Tour 1

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Warrington - A Town of Many Industries

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This page last updated Wednesday, 26 November 201
Take my 1st tour round the town centre

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Welcome to Tour One of mywarrington town centre.

This is the first of two walking tours of the town centre. I suggest you allow two hours for this first tour, or slightly longer if you wish to look round the Parish Church. And even if it isn't physically possible for you to take the tour, you can still follow it onscreen and discover some of the rich heritage of this historic industrial market town. Incidentally, Warrington Borough Council published a "Warrington Town Trail" fold-out map and guided tour, which you could pick up at the Tourist Information centre at Warrington Market. It features a lion hunt - don't worry, you won't be going on safari!  There was also a walk on the Howley district of the town, and one on Latchford. Not sure if you can get copies of them now.

If you take my  tour, or just read through it as a virtual tour, let me know what you think of it.

Acknowledgments. I am grateful to the following for permission to use extracts from their works in these two tours:

H. Wells, Warrington: Local History Publishing, Railway Junction, 187 Orford Lane, Warrington WA2 7BA - (Walking Into Warrington's Past: Church Street, 1996; Walking Into Warrington's Past: Parish Church, 1997; Walking Into Warrington's Past: Bridge Street, 1998; Walking Into Warrington's Past: Sankey Street, 2000).

See photographs of the old town centre on Mr wells' website www.hwells.co.uk. Some of his books are still available to buy.

Material from A History of Warrington by Alan Crosby (2002) reproduced by kind permission of the publisher, Phillimore & Co. Ltd, Shopwyke Manor Barn, Chichester, West Sussex, PO20 2BG, www.phillimore.co.uk.

Material from Warrington at Work by Janice Hayes & Alan Crosby (2003) reproduced by kind permission of the publisher, Breedon Books Publishing Ltd, 3 The Parker Centre, Mansfield Road, Derby, DE21 4SZ, www.breedonbooks.co.uk.

Information on Anna Laetitia (Aikin) Barbauld reproduced by kind permission of Encyclopaedia Britannica (UK) Ltd (2004 DVD Edition) 2nd Floor, Unity Wharf, Mill Street, London SE1 2BH www.britannica.co.uk.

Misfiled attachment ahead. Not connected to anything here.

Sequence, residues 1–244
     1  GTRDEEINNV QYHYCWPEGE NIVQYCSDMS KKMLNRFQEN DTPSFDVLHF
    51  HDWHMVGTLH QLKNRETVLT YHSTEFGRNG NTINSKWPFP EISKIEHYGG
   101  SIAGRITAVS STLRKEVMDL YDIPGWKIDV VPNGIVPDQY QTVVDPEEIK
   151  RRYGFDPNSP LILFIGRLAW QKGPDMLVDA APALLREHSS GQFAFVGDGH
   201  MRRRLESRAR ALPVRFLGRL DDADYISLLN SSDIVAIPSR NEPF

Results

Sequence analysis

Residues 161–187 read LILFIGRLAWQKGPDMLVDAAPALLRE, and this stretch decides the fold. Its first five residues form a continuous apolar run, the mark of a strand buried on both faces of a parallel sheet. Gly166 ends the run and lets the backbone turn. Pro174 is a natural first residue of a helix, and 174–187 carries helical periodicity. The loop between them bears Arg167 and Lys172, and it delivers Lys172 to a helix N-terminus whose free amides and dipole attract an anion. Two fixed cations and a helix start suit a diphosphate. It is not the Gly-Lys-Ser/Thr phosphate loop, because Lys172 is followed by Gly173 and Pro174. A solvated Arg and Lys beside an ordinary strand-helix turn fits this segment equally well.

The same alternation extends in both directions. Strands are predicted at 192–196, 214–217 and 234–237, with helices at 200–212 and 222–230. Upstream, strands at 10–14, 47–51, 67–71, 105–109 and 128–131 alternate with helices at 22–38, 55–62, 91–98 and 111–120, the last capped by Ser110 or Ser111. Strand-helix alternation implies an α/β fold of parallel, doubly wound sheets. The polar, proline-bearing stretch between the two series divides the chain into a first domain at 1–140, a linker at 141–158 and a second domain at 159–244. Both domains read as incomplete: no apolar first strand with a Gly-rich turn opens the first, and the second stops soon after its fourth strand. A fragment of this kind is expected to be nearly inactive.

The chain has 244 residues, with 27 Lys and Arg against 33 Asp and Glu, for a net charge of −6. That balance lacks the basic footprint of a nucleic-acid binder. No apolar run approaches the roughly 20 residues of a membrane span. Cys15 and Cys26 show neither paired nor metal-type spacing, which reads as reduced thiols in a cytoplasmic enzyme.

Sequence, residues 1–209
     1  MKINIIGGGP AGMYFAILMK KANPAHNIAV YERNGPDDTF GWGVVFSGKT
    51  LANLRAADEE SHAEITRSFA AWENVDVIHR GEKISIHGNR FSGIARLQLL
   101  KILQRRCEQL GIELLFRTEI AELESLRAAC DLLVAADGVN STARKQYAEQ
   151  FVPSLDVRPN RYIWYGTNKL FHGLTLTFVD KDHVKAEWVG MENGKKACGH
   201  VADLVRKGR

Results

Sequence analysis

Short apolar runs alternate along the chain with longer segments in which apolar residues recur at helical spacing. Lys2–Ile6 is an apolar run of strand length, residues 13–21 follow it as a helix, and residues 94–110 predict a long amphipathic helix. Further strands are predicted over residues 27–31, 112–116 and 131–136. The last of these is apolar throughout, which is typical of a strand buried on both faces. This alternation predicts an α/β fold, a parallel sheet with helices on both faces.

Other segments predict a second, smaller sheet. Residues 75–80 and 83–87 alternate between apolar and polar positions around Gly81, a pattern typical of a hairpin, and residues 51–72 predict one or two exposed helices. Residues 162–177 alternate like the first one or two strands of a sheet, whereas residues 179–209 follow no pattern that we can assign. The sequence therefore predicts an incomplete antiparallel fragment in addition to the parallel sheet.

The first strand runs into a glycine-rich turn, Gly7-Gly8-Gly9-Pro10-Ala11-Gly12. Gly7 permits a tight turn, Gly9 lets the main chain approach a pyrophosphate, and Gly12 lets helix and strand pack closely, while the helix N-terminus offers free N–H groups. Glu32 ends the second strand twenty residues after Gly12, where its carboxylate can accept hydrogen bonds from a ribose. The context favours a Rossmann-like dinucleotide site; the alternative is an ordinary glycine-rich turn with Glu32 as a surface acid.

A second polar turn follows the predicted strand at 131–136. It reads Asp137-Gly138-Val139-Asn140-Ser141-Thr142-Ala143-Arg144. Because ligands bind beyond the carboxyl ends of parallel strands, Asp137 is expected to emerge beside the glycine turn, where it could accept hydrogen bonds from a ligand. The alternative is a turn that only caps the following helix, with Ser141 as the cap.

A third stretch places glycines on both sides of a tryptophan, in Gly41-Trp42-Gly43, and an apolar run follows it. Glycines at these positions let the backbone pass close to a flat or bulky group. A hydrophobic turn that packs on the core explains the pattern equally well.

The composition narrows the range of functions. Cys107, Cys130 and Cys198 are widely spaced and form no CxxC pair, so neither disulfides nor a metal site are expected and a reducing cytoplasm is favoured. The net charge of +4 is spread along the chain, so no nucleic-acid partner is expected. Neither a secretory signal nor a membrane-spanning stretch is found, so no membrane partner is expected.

Information on Warrington Borough Transport 1902-2002: 100 Years of Serving the Community by Ron Phillips (2002) reproduced with consent from N. Featham, WBT Managing Director at the time, on behalf of Mr Phillips  www.warringtonboroughtransport.co.uk.

Not forgetting, of course, my dad.

There are footnotes at the bottom of this page indicating where to find more details about the extracts.
Click the numbered links within the text to be taken to the footnotes.
Clicking the relevant footnote will bring you back to the appropriate section.

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Tour 1

Tour 1 begins at the Hop Pole pub, by the bus station, and takes us down Horsemarket Street, Buttermarket Street, into Church Street, back up Mersey Street, Academy Street and through Time Square to Market Gate. From there we begin Tour 2.

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We begin our tour at Warrington Interchange (as the bus station is now called). This was opened on 21 August 2006 and cost £7million to build and stands on the former 1970s ring road that was Golborne Street, known as the Inner Circulatory Road.

Attached to the Golden Square shopping centre and close to Warrington Central railway station, Golden Square forms the hub of the retail area of the town centre.

A new retail, hotel and leisure complex with a town centre cinema was planned along Winwick Street to the north of Midland Way and was due to be completed by around 2010 or 2011. However, the scheme was eventually scrapped.

The Hop Pole pub on Horsemarket Street is right outside Warrington Interchange. It was established in 1762 and known as Coops at the beginning of the 20th century.